We’re deep in awards season, bunkered down for the next three months in a landslide of commendations and speeches soon to be lost to history. So let’s take a second to salute the British Independent Film Awards, which took place Sunday night, and which celebrate movies costing less than £10 million — the UK equivalent, that is, of the Gotham and Spirit Awards. And, like them, kind of boozy.
Recipients included Andrea Arnold, who was named Best Director for “Fish Tank,” “Moon” (which I like to refer to as “Michael Clayton In Space”) which got Best Picture, and Carey Milligan, who took another lay-up Best Actress award for “An Education.” But who cares who won? What sets the BIFAs is a pleasing air of disheveled eccentricity that makes the allegedly carefree Golden Globes look like a trial at The Hague.
It’s not just that, for example, Arnold decided early on from table placement she hadn’t won and proceeded to get ragingly drunk, then giving a speech where she said “That’s a really big thing. Well, it’s a little glass thing, but it’s a big thing.”
No, it’s built into the awards themselves, which have all kinds of lovely names. There are two honorary awards I particularly like. The award “for outstanding contribution to British film” (presented to Michael Caine this year), named for the late Richard Harris, known as an actor but better known (perhaps even primarily so) as one of the 20th century’s outstanding drinkers, and who founded Alcoholics Unanimous: “If you don’t feel like a drink, you ring another member and he comes over to persuade you.”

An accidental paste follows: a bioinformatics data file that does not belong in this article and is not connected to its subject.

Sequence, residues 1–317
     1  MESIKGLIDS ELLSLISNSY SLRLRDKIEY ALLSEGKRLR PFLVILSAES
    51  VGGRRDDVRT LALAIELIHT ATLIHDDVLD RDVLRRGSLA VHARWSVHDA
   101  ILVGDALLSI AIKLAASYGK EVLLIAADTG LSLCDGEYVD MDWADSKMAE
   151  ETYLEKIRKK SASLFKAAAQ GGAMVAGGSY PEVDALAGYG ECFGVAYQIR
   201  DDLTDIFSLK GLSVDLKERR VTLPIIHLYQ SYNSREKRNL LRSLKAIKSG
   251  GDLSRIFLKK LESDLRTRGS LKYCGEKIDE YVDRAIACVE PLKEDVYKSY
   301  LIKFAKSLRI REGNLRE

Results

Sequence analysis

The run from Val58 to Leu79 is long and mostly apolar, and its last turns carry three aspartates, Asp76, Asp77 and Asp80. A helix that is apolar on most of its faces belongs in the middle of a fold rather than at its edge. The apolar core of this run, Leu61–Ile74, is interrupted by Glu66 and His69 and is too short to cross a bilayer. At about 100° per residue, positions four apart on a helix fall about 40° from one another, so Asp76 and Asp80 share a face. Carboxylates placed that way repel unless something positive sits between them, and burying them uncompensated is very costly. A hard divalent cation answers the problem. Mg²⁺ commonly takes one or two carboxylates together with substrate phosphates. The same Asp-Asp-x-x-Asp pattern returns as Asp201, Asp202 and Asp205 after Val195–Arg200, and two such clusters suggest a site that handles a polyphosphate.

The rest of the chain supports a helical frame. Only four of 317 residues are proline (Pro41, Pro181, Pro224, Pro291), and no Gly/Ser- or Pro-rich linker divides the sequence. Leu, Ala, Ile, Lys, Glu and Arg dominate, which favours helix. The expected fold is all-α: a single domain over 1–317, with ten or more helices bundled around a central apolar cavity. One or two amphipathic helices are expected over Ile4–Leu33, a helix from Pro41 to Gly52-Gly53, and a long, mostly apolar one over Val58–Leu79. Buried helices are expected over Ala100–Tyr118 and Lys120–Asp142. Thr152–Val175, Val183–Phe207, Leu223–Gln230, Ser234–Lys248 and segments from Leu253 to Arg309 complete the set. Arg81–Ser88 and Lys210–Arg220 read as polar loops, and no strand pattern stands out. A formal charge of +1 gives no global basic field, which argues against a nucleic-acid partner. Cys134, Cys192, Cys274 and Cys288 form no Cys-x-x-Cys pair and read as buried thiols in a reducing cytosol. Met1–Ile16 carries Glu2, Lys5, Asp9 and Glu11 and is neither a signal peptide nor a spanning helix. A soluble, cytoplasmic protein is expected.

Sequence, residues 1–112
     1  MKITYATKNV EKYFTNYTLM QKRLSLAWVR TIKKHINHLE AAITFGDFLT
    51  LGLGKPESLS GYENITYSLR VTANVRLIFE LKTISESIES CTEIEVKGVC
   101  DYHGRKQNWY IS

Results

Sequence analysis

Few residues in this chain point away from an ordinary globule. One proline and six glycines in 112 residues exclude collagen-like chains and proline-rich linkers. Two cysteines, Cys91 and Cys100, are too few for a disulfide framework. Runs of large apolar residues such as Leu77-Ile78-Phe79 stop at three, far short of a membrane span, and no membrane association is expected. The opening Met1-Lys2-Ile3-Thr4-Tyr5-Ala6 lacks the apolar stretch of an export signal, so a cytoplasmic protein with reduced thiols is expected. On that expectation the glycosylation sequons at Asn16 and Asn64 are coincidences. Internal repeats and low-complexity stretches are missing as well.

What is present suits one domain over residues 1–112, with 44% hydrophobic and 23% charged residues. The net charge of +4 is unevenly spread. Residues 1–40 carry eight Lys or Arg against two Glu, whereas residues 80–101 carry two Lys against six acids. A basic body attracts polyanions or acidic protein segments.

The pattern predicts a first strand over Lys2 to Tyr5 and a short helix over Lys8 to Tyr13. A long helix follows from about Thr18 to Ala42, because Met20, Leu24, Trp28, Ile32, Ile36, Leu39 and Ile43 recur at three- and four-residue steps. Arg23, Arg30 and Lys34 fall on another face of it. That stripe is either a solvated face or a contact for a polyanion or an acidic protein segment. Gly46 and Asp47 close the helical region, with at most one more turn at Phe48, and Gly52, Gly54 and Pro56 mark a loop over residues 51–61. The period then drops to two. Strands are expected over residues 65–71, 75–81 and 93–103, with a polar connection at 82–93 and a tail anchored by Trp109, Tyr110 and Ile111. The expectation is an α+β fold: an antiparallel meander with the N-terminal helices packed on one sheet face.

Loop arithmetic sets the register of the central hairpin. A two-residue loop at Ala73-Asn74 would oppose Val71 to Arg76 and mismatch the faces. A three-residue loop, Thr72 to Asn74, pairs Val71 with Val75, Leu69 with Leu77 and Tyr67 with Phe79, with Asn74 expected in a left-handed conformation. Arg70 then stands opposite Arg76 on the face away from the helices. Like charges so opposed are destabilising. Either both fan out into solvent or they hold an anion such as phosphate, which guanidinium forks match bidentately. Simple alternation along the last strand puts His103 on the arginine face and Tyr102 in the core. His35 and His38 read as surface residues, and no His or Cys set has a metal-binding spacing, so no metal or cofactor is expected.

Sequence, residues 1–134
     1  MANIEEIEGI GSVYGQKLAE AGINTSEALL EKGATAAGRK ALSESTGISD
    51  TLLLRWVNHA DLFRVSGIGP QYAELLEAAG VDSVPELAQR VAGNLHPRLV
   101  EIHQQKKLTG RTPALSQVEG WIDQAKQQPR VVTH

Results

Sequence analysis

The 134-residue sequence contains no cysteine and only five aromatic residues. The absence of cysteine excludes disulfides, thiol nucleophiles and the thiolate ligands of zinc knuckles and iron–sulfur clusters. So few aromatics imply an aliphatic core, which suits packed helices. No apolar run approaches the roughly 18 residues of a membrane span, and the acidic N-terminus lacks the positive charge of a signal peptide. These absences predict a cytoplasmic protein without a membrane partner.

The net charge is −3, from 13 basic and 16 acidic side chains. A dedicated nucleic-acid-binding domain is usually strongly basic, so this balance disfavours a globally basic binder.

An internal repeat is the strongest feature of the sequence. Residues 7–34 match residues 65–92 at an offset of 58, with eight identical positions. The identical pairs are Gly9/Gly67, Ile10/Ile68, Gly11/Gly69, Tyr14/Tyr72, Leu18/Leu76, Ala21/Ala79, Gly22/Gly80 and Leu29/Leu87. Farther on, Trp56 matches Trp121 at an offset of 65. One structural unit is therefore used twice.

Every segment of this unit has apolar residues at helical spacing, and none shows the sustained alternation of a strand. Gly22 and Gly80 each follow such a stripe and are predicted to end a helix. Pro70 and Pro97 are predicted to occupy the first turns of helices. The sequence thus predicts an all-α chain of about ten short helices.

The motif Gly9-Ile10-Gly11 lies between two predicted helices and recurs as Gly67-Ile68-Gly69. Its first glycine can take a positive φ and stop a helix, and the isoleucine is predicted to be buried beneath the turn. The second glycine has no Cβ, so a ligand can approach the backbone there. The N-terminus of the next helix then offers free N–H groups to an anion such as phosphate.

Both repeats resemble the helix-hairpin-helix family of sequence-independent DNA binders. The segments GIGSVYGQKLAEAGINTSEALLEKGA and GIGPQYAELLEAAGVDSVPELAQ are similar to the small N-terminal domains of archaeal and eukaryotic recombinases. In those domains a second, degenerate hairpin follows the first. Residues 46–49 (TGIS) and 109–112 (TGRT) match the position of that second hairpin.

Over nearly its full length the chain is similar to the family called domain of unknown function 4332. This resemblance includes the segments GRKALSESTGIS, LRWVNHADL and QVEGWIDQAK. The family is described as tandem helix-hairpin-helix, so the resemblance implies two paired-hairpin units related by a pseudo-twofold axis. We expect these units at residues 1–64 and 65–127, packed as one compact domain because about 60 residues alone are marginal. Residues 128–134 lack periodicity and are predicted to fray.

The award for Best Debut Director is named for Douglas Hickox — it was his annual bequest that helped kick-start the ceremony in the first place. As a director, he’s best known for making do with the shoddy scripts he was given — the campy but fun Vincent Price vehicle “Theater of Blood,” the John Wayne-vs.-England spectacle “Brannigan,” three episodes of “Dirty Dozen: The Series.” A career derailed by circumstances beyond his control, surely, but it’s nice to see that, in this way, he lives on.
[Photo: “Fish Tank,” IFC Films, 2009; the 2008 BIFAs, courtesy of bifa.org.uk]